The High Seas cover over two thirds of our Ocean. That’s nearly 50 percent of the planet’s surface area. The fact that the high seas fall beyond the jurisdiction of any state means that illegal activities thrive within the international waters. Human trafficking, such as the smuggling of migrants and abuse of fishermen, illegal trade of arms, nuclear weapons and drugs, dumping of toxic waste and illegal, unregulated and unreported fishing take place on the high seas where no state has the power to enforce its national legislation.
Piracy, by its very definition found in UNCLOS, takes place on the high seas. This makes the contribution of naval states extremely important to the fight against maritime crime. States invested significant amounts of money in conducting maritime operations that will counter these illegal activities. But, as said earlier, unless states establish jurisdiction outside their territorial seas, they are not bound by the human rights obligations.
The other practical challenge we face is that even if jurisdiction is established, the lack of monitoring and reporting of human rights abuses mean that they go unpunished. If one kills a fisherman or a refugee in the middle of the ocean, no one will probably know about it, and therefore there is no way to either prevent the violation or to hold someone accountable for it.
The other practical challenge we face is that sometimes even if we can hold states accountable for human rights violations, it might prove counter-productive to do so. This happens because we need states to contribute to the fight against maritime crime and by holding them accountable for human rights violations might discourage states from contributing their navies to this fight.
It is also important to remember that the navies operate against adverse weather conditions and unfriendly waters and sometimes operations might go wrong. For example, human rights concerns became a big obstacle to the fight against piracy. Many states out of fear that they will be held accountable for violating the human rights of pirates opted to “catch and release” them without prosecuting them. That meant that once pirates were released, they went back to their illegal activities.
What is the impact of naval operations on human rights?
Case Study 1: Migration at Sea
We tend to use the terms refugee and migrant interchangeably, but there are legal differences.
The1951 Refugee Convention, negotiated after World War II, defines a refugee as a person who, “owing to a well-founded fear of being persecuted for reasons of race, religion, nationality, membership of a particular social group or political opinion, is outside the country of his nationality, and is unable to, or owing to such fear, is unwilling to avail himself of the protection of that country.”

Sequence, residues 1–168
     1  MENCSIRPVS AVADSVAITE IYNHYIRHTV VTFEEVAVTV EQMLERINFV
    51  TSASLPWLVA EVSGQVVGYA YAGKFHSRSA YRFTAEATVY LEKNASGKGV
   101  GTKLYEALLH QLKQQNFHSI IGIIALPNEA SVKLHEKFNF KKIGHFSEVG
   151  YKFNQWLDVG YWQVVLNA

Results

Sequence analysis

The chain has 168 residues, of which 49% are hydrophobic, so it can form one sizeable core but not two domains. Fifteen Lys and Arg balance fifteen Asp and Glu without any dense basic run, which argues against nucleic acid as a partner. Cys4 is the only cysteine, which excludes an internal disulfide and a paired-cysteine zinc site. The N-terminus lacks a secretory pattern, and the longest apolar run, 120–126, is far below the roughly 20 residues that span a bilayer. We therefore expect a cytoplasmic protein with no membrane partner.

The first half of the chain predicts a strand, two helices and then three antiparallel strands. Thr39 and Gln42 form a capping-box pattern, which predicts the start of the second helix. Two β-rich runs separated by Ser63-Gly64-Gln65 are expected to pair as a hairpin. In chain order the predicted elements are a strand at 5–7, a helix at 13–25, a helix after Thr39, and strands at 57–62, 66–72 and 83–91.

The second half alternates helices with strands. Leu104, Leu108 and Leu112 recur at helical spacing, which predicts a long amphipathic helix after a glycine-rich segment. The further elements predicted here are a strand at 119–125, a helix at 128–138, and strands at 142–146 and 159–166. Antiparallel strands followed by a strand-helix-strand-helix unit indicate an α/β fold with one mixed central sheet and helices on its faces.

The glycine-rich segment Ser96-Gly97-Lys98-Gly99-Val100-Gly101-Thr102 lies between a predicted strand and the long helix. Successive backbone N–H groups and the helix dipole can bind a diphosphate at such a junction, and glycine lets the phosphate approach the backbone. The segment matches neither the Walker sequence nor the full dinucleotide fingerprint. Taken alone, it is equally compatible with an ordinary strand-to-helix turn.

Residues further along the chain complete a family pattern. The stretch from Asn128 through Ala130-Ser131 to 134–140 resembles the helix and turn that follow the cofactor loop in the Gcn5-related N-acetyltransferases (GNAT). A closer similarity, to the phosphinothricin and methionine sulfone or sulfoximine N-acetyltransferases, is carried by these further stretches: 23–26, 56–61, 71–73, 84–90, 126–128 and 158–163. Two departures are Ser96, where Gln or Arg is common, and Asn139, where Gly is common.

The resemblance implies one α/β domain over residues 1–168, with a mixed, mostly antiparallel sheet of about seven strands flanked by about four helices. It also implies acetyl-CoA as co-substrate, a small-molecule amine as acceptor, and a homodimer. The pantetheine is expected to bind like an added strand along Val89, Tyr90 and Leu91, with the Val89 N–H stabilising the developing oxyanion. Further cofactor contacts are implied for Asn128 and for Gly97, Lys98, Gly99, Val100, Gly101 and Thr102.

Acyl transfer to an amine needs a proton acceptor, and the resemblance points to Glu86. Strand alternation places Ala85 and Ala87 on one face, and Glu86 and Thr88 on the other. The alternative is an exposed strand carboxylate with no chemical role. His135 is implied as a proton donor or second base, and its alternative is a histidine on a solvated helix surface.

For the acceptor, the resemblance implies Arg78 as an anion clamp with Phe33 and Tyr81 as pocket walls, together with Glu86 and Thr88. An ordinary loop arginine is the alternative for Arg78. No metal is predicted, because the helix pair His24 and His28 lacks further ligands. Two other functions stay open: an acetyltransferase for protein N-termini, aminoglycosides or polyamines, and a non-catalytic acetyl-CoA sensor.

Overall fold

International law dictates that refugees can apply for political asylum or another protected status, sometimes temporary. By law, refugees cannot be sent back to countries where their lives would be in danger (non-refoulment principle).
Anyone moving from one country to another is considered a migrant unless they specifically flee war or persecution. Countries are free to deport migrants who arrive without legal papers, which they cannot do with refugees under the 1951 convention.
Migration at sea is not a new problem, and it is definitely not as new as many people believe. It was the large-scale of the on-going migrant crisis in the Mediterranean Sea that made the problem more visible and made the wider public aware of it.
However, migration at sea dates back to the WWII, if not before. St Louis and Exodus are the often-told stories of the struggle of the European Jews to escape the Nazi regime. Both the U.S. and U.K. pushed the boats back and refused them entry to their waters. Most of the passengers did not survive the trip, and these are only two examples of the hundred of boats that tried to transfer European Jews to the land of what later became the State of Israel.
The term “boat people” we often use in the migration at sea debate refers to the refugees who fled Vietnam, Cambodia and Laos following the end of the Vietnam War in 1978-1979. Estimates talk about almost 200,000 deaths. The primary cause of death was drowning. Other refugees were sold into slavery and prostitution.
Large-scale migration of poor Haitians to the U.S. also date back to 1972 and remains an on-going problem. Poverty and human rights abuses were the main reasons why Haitians tried to flee the country back at the time. However, the natural disasters that battered the country over the last decade only worsened the problem with the U.S. having increased interdiction operations to prevent Haitians from entering the U.S. waters.
The war in Afghanistan also forced many people to flee the country. One of the most well-known cases is the “Tampa affair” in which a Norwegian freighter was refused entry in Australia because it was carrying Afghan refugees rescued from the Indian Ocean. The incident caused political turmoil and led to the adoption of Australian law that diverts refugees to Nauru where their status is examined.